Greg, John, and Adam talk specifically about email. Our culture is likely over-responsive with email. Responding immediately or keeping a zero-inbox are given immense weight in the modern workplace. However, these things are often poor goals and may end up hurting us more than it helps us. Instead, batching your email responses can be super helpful. Pick 1-3 times throughout the day where you block out space to look at and answer emails. Stop looking at today’s emails as some sort-of blinking light. Instead of immediate responding to everything, try processing today through the previous day’s emails. You may note that many of yesterday’s emails will have answered themselves. Digital and electronic communication is often less important than we think. For really urgent or important stuff, people will call or come find you. Also try to continually unsubscribe from useless emails.

5. Think What’s Next (23:53)

Think about some of your largest projects, conferences, or retreats. Often, if you always only focus on the next big deadline, it will come and go and you will realize there is nothing planned on the other side. So always think about what is next. Make a timeline that has all the work on it. Everything you can think of. After everything is on a timeline, ask yourself: what are the things I can work on today that will keep the ball moving down the field? Chances are there is someone in leadership around you that would be blessed by this intentional forethought and planning. When you have something huge in front of you, it can sometimes be paralyzing to take that first step. The most helpful thing might be to just find something easy to do. It could be small, like sending an email, or opening a new document. The important thing is to just find something.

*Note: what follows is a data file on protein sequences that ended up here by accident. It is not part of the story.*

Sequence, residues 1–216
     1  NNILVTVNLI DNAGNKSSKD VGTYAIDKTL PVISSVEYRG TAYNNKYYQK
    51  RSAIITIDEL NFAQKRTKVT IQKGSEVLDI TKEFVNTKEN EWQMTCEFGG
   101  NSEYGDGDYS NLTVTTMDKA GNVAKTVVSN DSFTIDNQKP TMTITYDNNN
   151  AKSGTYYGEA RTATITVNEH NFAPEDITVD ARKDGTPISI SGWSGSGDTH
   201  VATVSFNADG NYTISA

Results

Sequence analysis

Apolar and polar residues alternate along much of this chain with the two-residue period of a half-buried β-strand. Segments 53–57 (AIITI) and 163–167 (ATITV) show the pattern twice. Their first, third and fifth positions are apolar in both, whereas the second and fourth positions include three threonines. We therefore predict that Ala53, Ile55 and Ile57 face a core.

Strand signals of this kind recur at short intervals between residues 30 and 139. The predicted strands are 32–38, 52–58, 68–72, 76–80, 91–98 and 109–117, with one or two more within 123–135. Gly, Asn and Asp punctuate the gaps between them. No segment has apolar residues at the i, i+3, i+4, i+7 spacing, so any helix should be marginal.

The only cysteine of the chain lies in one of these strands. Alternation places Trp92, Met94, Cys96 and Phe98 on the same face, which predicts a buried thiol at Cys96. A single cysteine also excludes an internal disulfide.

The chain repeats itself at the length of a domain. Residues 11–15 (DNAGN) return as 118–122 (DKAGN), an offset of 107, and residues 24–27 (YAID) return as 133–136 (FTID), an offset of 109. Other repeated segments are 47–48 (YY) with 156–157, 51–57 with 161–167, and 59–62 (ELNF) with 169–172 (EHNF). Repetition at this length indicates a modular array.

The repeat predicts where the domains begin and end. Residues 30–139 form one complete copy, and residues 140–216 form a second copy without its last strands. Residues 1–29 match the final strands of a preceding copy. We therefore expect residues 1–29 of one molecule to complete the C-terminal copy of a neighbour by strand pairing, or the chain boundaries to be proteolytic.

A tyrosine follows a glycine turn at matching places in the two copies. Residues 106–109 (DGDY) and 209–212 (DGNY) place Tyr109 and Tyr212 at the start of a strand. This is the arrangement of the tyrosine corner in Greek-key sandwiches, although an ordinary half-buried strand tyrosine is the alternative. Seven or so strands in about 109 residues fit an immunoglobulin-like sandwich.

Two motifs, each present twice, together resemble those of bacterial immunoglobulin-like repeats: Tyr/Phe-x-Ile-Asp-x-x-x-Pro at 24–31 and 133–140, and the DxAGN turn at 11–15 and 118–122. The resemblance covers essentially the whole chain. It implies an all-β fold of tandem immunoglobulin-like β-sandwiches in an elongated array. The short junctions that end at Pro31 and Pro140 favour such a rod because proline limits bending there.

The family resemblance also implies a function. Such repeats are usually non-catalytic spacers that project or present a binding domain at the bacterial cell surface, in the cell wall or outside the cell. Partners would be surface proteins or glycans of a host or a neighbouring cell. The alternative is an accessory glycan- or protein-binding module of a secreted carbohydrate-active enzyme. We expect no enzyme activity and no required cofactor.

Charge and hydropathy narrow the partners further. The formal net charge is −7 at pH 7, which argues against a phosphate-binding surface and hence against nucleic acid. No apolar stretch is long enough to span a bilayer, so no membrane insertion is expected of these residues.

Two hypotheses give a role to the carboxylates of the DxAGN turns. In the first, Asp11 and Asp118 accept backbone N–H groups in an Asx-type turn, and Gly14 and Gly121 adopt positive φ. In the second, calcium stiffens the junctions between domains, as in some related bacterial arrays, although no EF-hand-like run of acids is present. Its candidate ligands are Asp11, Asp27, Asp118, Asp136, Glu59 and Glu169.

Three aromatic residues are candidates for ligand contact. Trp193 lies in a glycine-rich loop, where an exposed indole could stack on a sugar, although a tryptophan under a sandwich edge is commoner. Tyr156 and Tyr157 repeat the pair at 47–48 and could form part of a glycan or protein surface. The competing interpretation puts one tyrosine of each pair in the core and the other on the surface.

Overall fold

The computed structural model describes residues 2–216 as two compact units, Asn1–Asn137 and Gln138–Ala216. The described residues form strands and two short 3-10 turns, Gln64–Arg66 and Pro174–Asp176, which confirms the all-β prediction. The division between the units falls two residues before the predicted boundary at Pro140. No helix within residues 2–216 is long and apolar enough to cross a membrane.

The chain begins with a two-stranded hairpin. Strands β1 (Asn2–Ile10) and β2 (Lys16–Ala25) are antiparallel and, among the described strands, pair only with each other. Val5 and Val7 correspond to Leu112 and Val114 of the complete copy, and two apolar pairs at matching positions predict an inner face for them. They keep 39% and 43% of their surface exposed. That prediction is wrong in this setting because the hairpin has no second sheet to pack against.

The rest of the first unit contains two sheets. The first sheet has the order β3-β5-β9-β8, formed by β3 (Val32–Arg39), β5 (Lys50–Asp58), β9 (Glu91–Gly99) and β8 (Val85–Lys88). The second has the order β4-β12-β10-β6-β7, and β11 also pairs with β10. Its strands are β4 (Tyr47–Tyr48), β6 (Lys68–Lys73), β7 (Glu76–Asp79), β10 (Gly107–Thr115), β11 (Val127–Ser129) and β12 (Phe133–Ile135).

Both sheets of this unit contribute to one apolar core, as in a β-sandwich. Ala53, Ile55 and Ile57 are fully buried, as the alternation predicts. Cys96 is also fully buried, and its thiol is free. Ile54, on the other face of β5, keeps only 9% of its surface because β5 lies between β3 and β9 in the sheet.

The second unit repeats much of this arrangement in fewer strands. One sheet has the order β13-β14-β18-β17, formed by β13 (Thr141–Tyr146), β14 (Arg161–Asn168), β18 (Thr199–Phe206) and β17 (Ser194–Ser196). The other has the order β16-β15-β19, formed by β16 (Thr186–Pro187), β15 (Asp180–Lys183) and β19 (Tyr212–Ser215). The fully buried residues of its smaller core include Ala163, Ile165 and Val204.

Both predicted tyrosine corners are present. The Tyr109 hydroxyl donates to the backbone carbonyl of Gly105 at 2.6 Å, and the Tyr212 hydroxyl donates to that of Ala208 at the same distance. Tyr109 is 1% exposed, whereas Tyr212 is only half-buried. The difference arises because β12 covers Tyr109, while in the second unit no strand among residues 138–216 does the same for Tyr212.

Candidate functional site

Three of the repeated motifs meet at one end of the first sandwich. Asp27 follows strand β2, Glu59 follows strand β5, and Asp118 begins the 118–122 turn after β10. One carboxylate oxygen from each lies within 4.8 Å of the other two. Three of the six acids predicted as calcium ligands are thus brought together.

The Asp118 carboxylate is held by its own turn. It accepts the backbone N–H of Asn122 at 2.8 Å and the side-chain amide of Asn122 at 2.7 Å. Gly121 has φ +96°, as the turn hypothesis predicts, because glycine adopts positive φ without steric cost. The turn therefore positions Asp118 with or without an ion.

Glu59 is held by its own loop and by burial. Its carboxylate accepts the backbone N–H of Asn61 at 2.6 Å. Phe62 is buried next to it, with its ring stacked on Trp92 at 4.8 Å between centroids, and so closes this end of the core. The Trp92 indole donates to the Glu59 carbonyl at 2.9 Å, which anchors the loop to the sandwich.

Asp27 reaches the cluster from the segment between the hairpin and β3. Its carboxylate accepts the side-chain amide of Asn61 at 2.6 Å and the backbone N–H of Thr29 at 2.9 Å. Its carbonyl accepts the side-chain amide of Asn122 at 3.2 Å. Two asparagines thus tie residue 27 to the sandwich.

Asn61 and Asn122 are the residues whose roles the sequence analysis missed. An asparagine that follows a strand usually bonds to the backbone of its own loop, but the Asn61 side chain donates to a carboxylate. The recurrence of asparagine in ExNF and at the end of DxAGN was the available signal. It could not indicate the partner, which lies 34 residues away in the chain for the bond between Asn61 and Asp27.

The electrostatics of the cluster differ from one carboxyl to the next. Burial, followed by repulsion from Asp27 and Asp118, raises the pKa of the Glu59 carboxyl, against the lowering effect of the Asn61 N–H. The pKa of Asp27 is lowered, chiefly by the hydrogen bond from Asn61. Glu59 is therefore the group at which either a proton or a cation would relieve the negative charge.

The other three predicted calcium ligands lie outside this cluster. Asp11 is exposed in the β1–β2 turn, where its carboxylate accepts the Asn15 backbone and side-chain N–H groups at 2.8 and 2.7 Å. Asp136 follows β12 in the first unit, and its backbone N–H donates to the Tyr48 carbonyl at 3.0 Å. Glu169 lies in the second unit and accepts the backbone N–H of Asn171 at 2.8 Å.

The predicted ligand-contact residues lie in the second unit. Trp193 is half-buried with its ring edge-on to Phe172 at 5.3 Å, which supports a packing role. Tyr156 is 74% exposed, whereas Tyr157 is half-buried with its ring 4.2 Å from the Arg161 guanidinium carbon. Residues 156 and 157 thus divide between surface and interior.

6. You Do You (27:50)

Lastly, you have to personalize all of this stuff. We are all doing different things in different fields in different roles. Ask yourself about you. When are you your very best? Where are you your very best? Is that in the morning? Is that at night? Think about auditing your energy levels, your focus, and your creativity.

Remember, you don’t have to use any particular set of tools. There isn’t a particular program or schedule or strategy that works for everything. You need to find whatever system works for you. Leading ourselves well is perhaps the most important and productive thing we can do. Keeping yourself healthy, informed, well-read, also helps you to be productive.

Wrapping Up

Some final thoughts.

If you know someone who is particularly distracting, make sure to, once again, ask yourself what time it is? Make sure to be honest about if it is a good time to be interrupted. If it is a time where you really need to be productive, being easily accessible in your office may not be the best place for you to be.

Beware the danger of being partially present in whatever you are currently doing. Try not to be half-on/half-off. Attempt to be fully present wherever you are. Make your productivity sink deeply into a those few focused time slots in your week. Treat intentional time of work as a finite resource. Give your best to your most important tasks.Communicate with your family and team when your slots of intentional, focused, productivity will be.

We can easily fall into the trap of always being needed. When we do this, we inevitably miss out on the opportunity to delegate things rather than tackling them ourselves. So don’t forget to delegate. You can’t do everything. Try delegating the role, not just the task. This will extend trust and ownership.

See things through to the end. Don’t just see things as a job. Don’t micromanage. Mobilize volunteers and people in the church body to do the things you are doing all the time. Training up leaders may be the most productivething you can ever do.


Application Questions

  • What does your relationship with productivity look like? Where on the scale of “gets-things-done” to “prioritizing relationships” do you find yourself?
  • What do your routines look like?
  • What productivity tools are your currently using? Which ones might you try out?
  • Do you believe God wants you to be productive?
  • How does productivity bring glory to God?
  • What is your best next step?

Recommended Resources

  • Deep Work by Cal Newport
  • A Message to Garcia by Elbert Hubbard

Questions or comments? Email CLP@WATERMARK.ORG